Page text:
Ines Vizcarra

<< Previous wine    Next wine >>
Ines Vizcarra was first released in 2003. It is an estate-bottled wine made by Bodegas Vizcarra in the Ribera del Duero DO region. Named for winemaker and owner Juan Carlos Vizcarra's youngest daughter, who has a brilliant, outgoing personality, Ines Vizcarra is one of the bodega's top two wines. Founded in 1991 by Juan Carlos, Bodegas Vizcarra has 26 hectares (64 acres) of vineyards in the villages of Mambrilla de Castrejon and Roa, in the northern central area of Ribera del Duero within Burgos province. Many of Ribera's best bodegas farm vineyards located in this area. Today, Vizcarra is considered among the top producers in Ribera del Duero. Juan Carlos is one of the pioneers of the garagiste winemaking movement in Spain, has a philosophy centered on making wines that show elegance and finesse. In order to achieve this goal, the winemaking is exclusively by gravity. A focus on careful vineyard work and gentle winemaking prevents harsh tannins and instead produces soft, elegant wines. The emphasis is on the fruit rather than the tannins. Ines Vizcarra contains a portion of Merlot, which gives it a bright, silky and very elegant character. With a texture closer to Burgundy than Bordeaux, Ines conveys Juan Carlos's elegant, powerful winemaking style.

Alongside Vega Sicilia and Pingus, this wine is considered one of Ribera del Duero's three best wines. This great effort combines elegance and power. Aged in large, 400 liter-barrels to minimize oak flavors and maximize fruit purity. Juan Carlos Vizcarra is one of the pioneer garagistes who champion small-production winemaking in Ribera del Duero.

2015 93 WA; 2014 95WA, 2014 92+View from the Cellar, 2014 91WS. 2012 94VM; 2011 94Vinous; 2010 93 WA &IWC; 2009 93IWC; 2008 93IWC; 2006 94+RP

90% Tinto Fino; 10% Merlot. Vines planted from 1950 - 1995. Tended in clay, limestone and gravel soil from 820 - 840 m (2,690 - 2,755ft) elevation

If this bold red was a boxer, this wine packs the punch.

After picking the best bunches from the vineyard's best vines, the best berries are selected to make one of Juan Carlos Vizcarra's smallest production wines. The tiny berries go into open-top barrels made of French oak for maceration and alcoholic fermentation. The skins mix with the unfermented juice for 4-5 days using dry ice. Malolactic fermentation takes place in large, 400-liter oak barrels, 90% French and 10% American. Ines is usually aged for 18 months with natural decanting and stabilization. During this period, the wine is racked only once and then bottled without any filtration.

380 cases (6 pack)

The vineyards are located in the town of Mambrilla, at 849 meters (2,785 ft.) elevation. They lie within the northern central area of the Ribera del Duero DO (Zone 2), in the province of Burgos in Castilla y Leon. The vineyard's topsoil is composed of clay and limestone and the subsoil is gravel. Relatively fertile, the soil has plenty of material with good water retention. To offset an undesirably high rate of vegetative growth, Juan Carlos reduces yields by thinning grape clusters from 20 to 8 per vine and by allowing other wild herbs to flourish around the vines. This foliage acts to absorb the potentially excessive water and nutrients from the soil. In reducing the vine's yield and vigor, Juan Carlos maximizes the intensity and concentration of the grapes. The area's climate has an average temperature from April-October of 60.5F and the average annual rainfall is 18.9 inches. From its higher altitude, Ribera del Duero's northern central area within Burgos has a cooler climate than either Toro or Rueda, to the west and southwest, respectively. Here, the wines are usually darker, more concentrated and have more forward aromas than wines made in the western part of Ribera del Duero. An extreme Continental climate, with cool nights and hot days with moderately low rainfall, provides a longer ripening period, and results in wines with greater complexity and more expressive, intense aromas. The temperatures at Vizcarra's vineyards are warmer than the neighboring bodega Torremoron and cooler than Hornillos Ballesteros-MiBal. Harvest usually begins the first week of October and ends by mid-month. These conditions create a longer ripening period, which produces greater complexity and expressive, intense aromas in the wines.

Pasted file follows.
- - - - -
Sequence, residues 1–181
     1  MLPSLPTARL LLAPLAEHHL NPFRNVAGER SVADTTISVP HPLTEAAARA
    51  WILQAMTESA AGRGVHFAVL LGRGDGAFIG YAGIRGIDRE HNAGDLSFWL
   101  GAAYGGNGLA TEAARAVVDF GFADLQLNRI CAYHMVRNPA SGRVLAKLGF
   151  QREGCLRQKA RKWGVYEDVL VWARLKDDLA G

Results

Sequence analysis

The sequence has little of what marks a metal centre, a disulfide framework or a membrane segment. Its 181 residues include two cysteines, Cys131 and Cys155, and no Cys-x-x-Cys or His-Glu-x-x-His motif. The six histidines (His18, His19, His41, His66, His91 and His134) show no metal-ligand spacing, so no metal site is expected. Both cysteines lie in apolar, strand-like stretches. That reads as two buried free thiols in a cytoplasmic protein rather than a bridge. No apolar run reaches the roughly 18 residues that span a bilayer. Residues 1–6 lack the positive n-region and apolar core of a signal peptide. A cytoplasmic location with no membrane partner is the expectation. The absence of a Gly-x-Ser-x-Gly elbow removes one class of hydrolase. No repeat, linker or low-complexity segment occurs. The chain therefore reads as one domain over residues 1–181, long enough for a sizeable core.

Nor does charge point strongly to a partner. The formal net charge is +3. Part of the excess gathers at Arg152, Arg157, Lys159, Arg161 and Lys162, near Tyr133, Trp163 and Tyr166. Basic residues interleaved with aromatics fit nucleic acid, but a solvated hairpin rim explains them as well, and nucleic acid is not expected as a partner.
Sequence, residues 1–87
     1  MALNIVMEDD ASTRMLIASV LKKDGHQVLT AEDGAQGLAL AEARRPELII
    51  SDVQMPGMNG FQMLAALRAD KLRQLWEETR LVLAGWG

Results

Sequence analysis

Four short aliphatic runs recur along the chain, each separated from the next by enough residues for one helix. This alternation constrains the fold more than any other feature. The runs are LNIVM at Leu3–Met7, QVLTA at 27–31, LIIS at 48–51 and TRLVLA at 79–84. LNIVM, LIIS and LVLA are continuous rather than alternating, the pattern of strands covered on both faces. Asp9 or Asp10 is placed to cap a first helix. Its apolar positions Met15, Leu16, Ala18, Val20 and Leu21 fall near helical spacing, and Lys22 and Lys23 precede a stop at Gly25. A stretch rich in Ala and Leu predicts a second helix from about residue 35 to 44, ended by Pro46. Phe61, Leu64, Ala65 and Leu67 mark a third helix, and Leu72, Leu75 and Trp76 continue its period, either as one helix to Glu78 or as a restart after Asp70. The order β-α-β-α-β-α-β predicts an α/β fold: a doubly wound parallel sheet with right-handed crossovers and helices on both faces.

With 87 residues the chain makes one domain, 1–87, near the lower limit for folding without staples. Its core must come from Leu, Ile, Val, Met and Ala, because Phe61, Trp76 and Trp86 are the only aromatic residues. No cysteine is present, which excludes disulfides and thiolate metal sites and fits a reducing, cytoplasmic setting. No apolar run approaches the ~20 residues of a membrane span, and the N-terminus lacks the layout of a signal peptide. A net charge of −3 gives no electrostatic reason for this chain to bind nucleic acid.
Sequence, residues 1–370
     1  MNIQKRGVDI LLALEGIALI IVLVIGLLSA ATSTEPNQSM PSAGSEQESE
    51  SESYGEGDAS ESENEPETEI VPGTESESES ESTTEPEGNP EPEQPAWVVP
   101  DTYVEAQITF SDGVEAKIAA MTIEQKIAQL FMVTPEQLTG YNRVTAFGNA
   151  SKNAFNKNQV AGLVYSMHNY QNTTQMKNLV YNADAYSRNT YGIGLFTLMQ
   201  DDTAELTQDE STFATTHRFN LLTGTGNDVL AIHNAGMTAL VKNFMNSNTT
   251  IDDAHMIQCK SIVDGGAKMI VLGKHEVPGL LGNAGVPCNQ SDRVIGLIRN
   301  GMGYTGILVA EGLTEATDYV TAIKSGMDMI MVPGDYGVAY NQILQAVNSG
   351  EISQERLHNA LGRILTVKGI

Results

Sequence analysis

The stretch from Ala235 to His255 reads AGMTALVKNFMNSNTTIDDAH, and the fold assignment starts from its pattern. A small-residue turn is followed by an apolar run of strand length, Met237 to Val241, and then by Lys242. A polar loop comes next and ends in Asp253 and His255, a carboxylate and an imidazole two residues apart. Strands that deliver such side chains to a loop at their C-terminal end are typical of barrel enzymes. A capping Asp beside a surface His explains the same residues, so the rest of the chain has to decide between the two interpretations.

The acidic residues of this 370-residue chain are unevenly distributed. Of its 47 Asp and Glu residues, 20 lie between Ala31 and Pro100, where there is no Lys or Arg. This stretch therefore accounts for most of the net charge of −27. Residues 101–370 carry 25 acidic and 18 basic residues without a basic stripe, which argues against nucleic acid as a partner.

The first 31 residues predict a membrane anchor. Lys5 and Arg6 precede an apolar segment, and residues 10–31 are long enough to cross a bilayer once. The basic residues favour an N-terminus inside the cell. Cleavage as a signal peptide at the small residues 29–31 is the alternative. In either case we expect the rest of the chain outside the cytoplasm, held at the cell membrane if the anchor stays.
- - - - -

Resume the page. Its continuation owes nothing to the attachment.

Glass-staining ruby. Highly expressive, mineral-accented cherry and blackberry aromas are complicated by suave floral, vanilla and Asian spice nuances. Sappy, sweet and broad on entry, then more taut in the middle, offering densely packed black and blue fruit flavors that slowly become spicier and more energetic as the wine opens up. Shows a sweet fruitcake quality on the extremely persistent, oak-spiced finish, which is framed by fine-grained, harmonious tannins.-- Josh Raynolds.